Danny, the Champion of the World

“I am glad my father was an eye-smiler. It meant he never gave me a fake smile because it’s impossible to make your eyes twinkle if you aren’t feeling twinkly yourself… I’ve also learned that a real mouth-smile always has an eye-smile to go with it. So watch out, I say, when someone smiles at you with his mouth but his eyes stay the same. It’s sure to be a phoney.” (Danny The Champion of the World by Roald Dahl)

Danny, the Champion of the World coverUpon hearing the author of this book, you might expect certain magical events to start occurring about three pages in, but Danny manages to create the atmosphere of magic and wonder without the slightest use of the stuff. This book is, in very broad terms, a coming of age through hunting story (ala Faulkner), but it is so cloaked with Dahl’s particular sense of humor and delight that you hardly notice that dull underlying theme at all.

After having read so much of Dahl these past six months, I can clearly identify two absolutely essential plot points that happen nearly every novel. The first all-important moment is the identification of the nasty person as inexcusably bad; the second is the plot to bring down said person – usually in a creative way no one expects, even the reader. If only ‘bad’ people were so easy to label in real life, and so fun to punish! As with all of his works, Danny leaves you with an overwhelming feeling that all is right with the world – mean people always have their vanity pulled down, and the good ones get a beautiful roast pheasant and a new electric stove.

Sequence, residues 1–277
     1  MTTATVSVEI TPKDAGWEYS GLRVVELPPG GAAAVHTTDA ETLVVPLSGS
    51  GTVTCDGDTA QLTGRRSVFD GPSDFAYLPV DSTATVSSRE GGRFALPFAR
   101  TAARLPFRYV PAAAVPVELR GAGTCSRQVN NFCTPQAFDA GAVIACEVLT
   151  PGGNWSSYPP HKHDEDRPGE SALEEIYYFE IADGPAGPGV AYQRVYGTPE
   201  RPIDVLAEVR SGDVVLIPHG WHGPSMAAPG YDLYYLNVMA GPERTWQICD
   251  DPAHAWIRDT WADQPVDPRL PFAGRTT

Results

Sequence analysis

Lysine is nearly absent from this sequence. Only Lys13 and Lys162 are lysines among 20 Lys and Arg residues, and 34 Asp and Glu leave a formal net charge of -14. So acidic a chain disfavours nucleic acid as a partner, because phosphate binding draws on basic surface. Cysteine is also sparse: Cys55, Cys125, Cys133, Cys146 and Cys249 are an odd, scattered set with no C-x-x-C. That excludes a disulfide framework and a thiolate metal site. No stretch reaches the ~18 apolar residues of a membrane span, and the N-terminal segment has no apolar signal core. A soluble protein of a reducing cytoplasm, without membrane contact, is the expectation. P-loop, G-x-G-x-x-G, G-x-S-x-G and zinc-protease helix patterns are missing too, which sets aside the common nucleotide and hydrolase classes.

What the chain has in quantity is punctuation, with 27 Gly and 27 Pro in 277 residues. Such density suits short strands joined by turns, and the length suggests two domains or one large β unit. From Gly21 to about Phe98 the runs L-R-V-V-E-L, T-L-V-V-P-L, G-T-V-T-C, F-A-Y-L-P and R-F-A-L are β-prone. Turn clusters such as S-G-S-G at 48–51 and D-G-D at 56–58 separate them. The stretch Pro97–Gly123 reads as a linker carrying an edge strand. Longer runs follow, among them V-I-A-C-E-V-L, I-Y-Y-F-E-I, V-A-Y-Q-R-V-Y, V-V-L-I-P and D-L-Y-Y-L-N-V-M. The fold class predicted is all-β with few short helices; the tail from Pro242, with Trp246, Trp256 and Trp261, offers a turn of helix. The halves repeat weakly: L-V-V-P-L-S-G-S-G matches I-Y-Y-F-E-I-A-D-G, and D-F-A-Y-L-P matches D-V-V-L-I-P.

Beverage: This book absolutely must be accompanied by hot chocolate – preferably cheap swiss miss mix sipped out of your only tin mug, which will taste like heaven because you’re reading Danny.

Reminds me of… In terms of Dahl, this book really stands out for its lack of magic and the supernatural. It really does remind me of a delightfully childish take of Faulkner.

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5 thoughts on “Danny, the Champion of the World

  1. This is far and away my favorite Roald Dahl book. I have read it twice, many years apart, and it brings only the fondest memories.

  2. I seem to remember my son pressing this upon me, and me (once again) admitting he was right in insisting I read it.

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